5 tips on how to get started as the first Product hire at a startup
Congratulations! Well done 👏🏻🎉 You have landed yourself a product management role at an exciting startup which is ready to shoot for the moon. A product management role is typically introduced when a startup reaches 20-30 people, but I have increasingly seen PMs now coming in at the 10 person mark. A good product manager can really lift the trajectory of a startup by bringing experience on how to deliver product, fast. I've written about this before.
You might be an experienced PM from a large company, looking for that excitement and thrill of being there at the start, really having an impact on direction; or you could be new to Product, moving in from a developer or customer facing role. I know you are bursting at the seems with big ideas on product strategy, hiring a team, implementing these great processes you have read about from the gurus at Mind the Product or Marty Cagan's Inspired. All I say is hold up 🛑
From my experience having joined a bunch of early startups as their first product manager, and building my own thing now here at Intalayer, here are the first 5 things I recommend you do as the first product manager for a startup.
Steady wins the race
We all want to impress from day 1. It's natural, you're on probation, you want to stay around. But you won't be fully up to speed as a product manager in a new business for at least 90 days. There is a whole lot of learning to do. Set out a learning plan and stick to it. Here are the general areas you will need to learn about:
- First off, get inside the heads of the founders. They have been working on this business for years, they have intimate knowledge of the market, of competitors, of the different versions of the messaging they have tried, the various pivots in USP and product they have taken. Absorb this as much as possible. Remember, the founders are handing over their baby to you, it can be hard for them to let go.
- You may be working in a completely new industry. Get familiar with industry jargon, market forces and competitors.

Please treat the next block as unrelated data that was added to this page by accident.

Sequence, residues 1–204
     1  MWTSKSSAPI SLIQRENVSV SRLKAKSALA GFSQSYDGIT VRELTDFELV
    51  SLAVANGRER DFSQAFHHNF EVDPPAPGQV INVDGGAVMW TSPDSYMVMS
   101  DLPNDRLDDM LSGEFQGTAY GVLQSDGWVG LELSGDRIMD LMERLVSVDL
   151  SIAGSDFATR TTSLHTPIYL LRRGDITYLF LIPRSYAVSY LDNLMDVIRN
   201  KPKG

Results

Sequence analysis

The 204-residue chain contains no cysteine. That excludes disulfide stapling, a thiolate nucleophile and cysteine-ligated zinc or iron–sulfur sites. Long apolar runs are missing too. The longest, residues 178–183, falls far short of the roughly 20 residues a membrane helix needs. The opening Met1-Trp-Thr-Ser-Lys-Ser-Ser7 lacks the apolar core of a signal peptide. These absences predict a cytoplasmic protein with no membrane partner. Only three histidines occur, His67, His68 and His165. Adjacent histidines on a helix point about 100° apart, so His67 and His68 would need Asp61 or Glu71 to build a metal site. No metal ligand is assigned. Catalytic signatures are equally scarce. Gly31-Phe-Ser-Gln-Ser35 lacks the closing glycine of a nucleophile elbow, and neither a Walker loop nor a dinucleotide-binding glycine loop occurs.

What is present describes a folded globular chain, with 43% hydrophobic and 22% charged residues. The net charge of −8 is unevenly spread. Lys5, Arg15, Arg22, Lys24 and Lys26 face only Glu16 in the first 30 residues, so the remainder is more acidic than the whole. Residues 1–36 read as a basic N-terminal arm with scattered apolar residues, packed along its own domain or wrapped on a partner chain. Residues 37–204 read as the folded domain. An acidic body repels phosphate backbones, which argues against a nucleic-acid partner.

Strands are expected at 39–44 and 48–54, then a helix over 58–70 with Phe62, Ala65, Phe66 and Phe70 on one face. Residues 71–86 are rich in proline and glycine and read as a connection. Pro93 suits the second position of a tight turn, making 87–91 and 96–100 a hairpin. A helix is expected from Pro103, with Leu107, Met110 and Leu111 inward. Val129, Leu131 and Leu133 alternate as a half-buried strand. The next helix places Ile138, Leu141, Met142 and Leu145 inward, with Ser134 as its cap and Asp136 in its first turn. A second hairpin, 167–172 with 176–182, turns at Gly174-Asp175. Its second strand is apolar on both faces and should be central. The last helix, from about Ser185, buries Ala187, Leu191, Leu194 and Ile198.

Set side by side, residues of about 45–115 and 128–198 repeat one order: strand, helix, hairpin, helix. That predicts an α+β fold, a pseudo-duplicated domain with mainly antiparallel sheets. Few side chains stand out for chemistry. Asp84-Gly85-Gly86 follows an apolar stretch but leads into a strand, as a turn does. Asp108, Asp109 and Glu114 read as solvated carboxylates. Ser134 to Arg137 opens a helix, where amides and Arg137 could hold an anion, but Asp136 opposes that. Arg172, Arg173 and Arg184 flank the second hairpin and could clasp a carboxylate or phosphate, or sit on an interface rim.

- Learn about the startup you work in, the main customers, the main messages used by Sales and Marketing to attract customers, meet the team.
- Most critically, and one I see a lot of PMs miss (🙋🏼♂️ guilty), you need to learn how to use the product! Sign up to the product, read the knowledge documentation, go through any training programs your company has set up either online or delivered by the CX team. Genuinely try to use your company's product like a customer would (establish real word scenarios to achieve this).
Set expectations with the boss
Ideally on the first or second day, you should have a 1:1 with your boss to get a clear idea of what is expected from you in your role. During your interview process, the team may have shared some insight into what the expectations are, but let's get real. No one shares the unvarnished truth in interviews.
Something to keep in mind is that in such a small company, your boss is probably one of the founders. This creates a more complicated dynamic they are emotionally invested in the business, and you need to build that trust and gain their confidence. Depending on their background, they may not be experienced in managing people or managing your type of role. Founders are constantly our of their depth, and this is where you can really help.
To begin with, let them know that it will take 3 months to be on top of everything (see previous section). This is important, particularly if your new boss hasn't worked in Product, and may not necessarily appreciate everything that you need to get your head around. Emphasise that this doesn't mean you won't be doing anything, rather you will be relying on the Founders for a lot more input into product decisions over this period until you are up to speed.